If you really want to be out more in the country, Woodford County is a good option. Midway is a small, charming railroad town with an historic main street that features quirky restaurants and small shops. Woodford schools are, for the most part, pretty good. It is also convenient to the interstate which would open up more possibilities for grad school (like UofL). Scott County also features some good elementary schools (particularly Western, Northern, and Anne Mason). The Georgetown area features some neighborhoods with very large lots. Several of them are new developments but the homes are still nice: 107 Thoroughbred Way Georgetown, KY 40324| Home For Sale
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Old 09-27-2010, 10:42 AM
 
Location: Todds Rd. area
969 posts, read 2,511,874 times
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For a small town feel, I like Georgetown the best. Your $200-300k budget can get you into a lot of newer houses, but most of the decent older houses in neighborhoods with good schools will be more. Chevy Chase and Ashland Park are the most popular older neighborhoods in Lex, but houses in your price range tend to need a lot of work.

Glendover would be a nice pick!
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Old 09-29-2010, 04:36 PM
 
Location: Las Vegas, Nevada
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I would try around the Stonewall Neighborhood. My Grandparents live there and they have almost an acre with a creek running through the back yard. The houses aren't crazy close together and they are all older.
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Old 11-20-2010, 06:18 PM
 
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Sorry I am just getting back on here since I posted! Thank you all for your advice! I'm hoping all goes well with the job search so that I can move to KY sometime in the summer of 2011. Everyone has been so helpful on here and I truly appreciate it!
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Old 01-31-2011, 09:45 AM
 
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My son attended Stonewall when he was in elementary school - an excellent school.
The homes in Stonewall aren't exactly historic, but they do have large yards and privacy.
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Old 02-10-2011, 02:59 PM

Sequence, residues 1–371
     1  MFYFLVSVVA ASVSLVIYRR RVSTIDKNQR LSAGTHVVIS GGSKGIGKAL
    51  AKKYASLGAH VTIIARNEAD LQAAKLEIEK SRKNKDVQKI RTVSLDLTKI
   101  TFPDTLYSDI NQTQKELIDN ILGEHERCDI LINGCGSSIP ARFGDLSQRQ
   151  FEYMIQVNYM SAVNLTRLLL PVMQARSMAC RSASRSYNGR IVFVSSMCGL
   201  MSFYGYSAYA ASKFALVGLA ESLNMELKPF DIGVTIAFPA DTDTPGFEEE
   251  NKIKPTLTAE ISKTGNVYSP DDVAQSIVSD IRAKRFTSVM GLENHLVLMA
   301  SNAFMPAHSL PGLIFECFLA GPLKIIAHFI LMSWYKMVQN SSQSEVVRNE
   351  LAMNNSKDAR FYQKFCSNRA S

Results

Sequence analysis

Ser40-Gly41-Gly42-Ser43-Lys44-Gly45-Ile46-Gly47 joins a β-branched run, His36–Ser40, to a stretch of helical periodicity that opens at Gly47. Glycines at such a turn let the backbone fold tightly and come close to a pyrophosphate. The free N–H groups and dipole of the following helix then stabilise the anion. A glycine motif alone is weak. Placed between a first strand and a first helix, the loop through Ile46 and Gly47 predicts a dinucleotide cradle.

Location: Kentucky
1 posts, read 1,796 times
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I am a Realtor in Lexington and assist buyers in all of Central Kentucky. I would love to help you with your home search. Check out my website at www.TeamHuff.com and contact me anytime!
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Old 02-10-2011, 06:08 PM
 
10,993 posts, read 9,167,744 times
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The Southland-Twin Oaks area of Lexington has much in common with Chevy Chase, but has somewhat newer houses and is considerably less expensive. Both neighborhoods are very walkable, with shopping, churches, good schools and parks nearby. Each neighborhood has lots of trees and is well-maintained. The difference is that Southland's houses were constructed in the 1950s and are modest ranches and Cape Cods. However, they're solidly built, and often have larger yards than Chevy Chase houses, which are more architecturally diverse and date to the 1930s. Houses in both areas are likely to have hardwood floors and fireplaces, with almost all Chevy Chase houses having basements and many one-floor Southland houses having attics.

You can find very livable three-bedroom houses in Southland for around $130,000 at present. A Chevy Chase house of equal size will cost an easy $35,000 more...
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Old 02-11-2011, 07:29 AM
 
Location: Todds Rd. area
969 posts, read 2,511,874 times
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It is hard to get into Chevy Chase for less than $250k. The ones I have seen around that price need lots of work too.